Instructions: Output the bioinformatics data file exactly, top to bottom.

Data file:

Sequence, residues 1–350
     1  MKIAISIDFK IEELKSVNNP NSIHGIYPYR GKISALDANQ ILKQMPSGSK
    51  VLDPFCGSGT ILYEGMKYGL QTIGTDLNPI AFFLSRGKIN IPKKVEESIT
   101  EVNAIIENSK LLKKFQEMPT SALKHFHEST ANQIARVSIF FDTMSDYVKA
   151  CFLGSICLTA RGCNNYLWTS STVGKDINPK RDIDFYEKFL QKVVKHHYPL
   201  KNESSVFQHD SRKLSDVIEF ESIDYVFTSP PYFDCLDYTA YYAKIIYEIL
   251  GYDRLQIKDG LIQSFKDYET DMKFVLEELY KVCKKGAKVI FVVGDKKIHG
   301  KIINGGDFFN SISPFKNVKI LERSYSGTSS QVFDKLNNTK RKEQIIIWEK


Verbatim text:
Sequence, residues 1–350
     1  MKIAISIDFK IEELKSVNNP NSIHGIYPYR GKISALDANQ ILKQMPSGSK
    51  VLDPFCGSGT ILYEGMKYGL QTIGTDLNPI AFFLSRGKIN IPKKVEESIT
   101  EVNAIIENSK LLKKFQEMPT SALKHFHEST ANQIARVSIF FDTMSDYVKA
   151  CFLGSICLTA RGCNNYLWTS STVGKDINPK RDIDFYEKFL QKVVKHHYPL
   201  KNESSVFQHD SRKLSDVIEF ESIDYVFTSP PYFDCLDYTA YYAKIIYEIL
   251  GYDRLQIKDG LIQSFKDYET DMKFVLEELY KVCKKGAKVI FVVGDKKIHG
   301  KIINGGDFFN SISPFKNVKI LERSYSGTSS QVFDKLNNTK RKEQIIIWEK